Facebook expands plans to reduce politics in its News Feed

Facebook expands the experience of reducing political content in its News Feed. and in Update For its February blog post, the company said it has seen positive results in reducing this content for some users in a few countries.

The strategy test is now being expanded to include Costa Rica, Sweden, Spain and Ireland. The new platform test includes changing the signals you prefer when promoting content.

These efforts are part of a gradual effort by the platform to make its users’ experiences less political and controversial.

“Some engagement signals can better indicate which posts people find more valuable than others,” wrote the Director of Product Management.

“Based on this feedback, we are gradually expanding some tests to reduce focus on signals such as how likely someone is to comment or share political content.”

Conversely, Facebook weighs more heavily on signals such as how likely it is to provide us with negative comments on posts about political topics and current events.

The Company acknowledges that this may affect public affairs content and reduce traffic to news publishers. It plans to gradually and systematically roll out these tests in the coming months.

The platform began policy mitigation tests in February for some users in Canada, Brazil, the United States and Indonesia.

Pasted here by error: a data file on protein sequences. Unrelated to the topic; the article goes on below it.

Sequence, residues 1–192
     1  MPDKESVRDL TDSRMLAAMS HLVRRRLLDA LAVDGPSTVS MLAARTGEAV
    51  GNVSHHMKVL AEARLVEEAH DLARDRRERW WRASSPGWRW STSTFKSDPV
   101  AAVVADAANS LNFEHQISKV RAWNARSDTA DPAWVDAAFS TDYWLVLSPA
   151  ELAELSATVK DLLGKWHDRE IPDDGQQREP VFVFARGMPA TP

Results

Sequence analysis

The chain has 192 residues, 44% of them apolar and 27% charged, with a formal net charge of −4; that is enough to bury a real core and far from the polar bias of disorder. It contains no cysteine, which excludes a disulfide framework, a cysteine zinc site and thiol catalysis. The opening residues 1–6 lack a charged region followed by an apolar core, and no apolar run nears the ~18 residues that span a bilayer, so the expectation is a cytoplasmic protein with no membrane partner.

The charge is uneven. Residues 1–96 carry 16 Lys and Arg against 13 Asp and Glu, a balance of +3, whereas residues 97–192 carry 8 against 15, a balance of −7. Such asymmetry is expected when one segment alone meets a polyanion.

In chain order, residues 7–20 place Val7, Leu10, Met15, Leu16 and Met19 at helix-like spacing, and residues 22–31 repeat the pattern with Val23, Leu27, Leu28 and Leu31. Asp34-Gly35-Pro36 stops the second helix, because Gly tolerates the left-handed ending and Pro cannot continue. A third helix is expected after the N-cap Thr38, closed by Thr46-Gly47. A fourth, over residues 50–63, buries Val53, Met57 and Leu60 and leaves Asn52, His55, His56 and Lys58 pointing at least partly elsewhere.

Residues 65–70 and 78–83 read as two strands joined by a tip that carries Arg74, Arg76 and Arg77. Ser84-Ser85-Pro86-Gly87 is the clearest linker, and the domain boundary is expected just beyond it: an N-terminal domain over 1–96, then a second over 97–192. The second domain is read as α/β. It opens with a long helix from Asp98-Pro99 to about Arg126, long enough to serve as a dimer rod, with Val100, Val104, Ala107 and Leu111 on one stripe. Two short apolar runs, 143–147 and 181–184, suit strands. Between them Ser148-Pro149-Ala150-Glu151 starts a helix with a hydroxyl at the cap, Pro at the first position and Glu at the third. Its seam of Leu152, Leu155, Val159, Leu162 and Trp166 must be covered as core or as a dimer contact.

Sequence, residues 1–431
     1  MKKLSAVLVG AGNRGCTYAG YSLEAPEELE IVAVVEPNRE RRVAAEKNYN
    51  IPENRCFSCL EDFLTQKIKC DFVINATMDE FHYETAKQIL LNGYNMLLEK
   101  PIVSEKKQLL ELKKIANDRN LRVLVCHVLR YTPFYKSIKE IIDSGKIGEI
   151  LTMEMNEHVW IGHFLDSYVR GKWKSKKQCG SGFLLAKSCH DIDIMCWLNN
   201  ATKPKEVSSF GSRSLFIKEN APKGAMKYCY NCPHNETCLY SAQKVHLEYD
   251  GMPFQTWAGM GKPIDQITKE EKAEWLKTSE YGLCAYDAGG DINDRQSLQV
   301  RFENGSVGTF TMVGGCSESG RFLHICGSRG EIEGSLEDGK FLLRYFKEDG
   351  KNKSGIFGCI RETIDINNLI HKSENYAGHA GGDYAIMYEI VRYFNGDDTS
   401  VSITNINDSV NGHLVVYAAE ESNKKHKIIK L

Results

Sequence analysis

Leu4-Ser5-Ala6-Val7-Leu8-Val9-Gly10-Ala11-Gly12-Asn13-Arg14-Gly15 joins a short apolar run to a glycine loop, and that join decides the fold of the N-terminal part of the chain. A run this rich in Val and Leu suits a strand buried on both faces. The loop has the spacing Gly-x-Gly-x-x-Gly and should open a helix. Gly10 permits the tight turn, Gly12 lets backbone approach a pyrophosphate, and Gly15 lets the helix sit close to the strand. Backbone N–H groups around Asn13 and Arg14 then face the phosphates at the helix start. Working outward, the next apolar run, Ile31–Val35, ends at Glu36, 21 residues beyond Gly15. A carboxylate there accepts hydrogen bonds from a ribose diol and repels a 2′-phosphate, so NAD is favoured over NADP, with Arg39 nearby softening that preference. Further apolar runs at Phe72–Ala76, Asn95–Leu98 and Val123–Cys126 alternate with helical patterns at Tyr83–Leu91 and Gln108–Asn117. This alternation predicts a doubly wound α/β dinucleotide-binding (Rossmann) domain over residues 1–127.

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Facebook expands policy reduction plans

The platform said in January that it would stop making recommendations for users to join civic and political groups.

She later announced that it emphasizes inspirational, upscale posts and provides more avenues for people to openly point out what they don’t like. Rather than making the platform infer this from usage patterns.

These changes come amid a discussion about the most important types of interactions across the platform. Commenting and sharing are some of the rare interaction signals that third parties can measure, and they overwhelmingly indicated that political content dominates people’s interactions across the platform.

But the company rejected this framing, saying that the political content was tangential to most people’s experience. It makes up only 6 percent of the typical news feed.

After the 2020 election, the platform attempted to limit the amount of political content users interact with. But it continues to be regularly criticized for the amount of political misinformation it disseminates.

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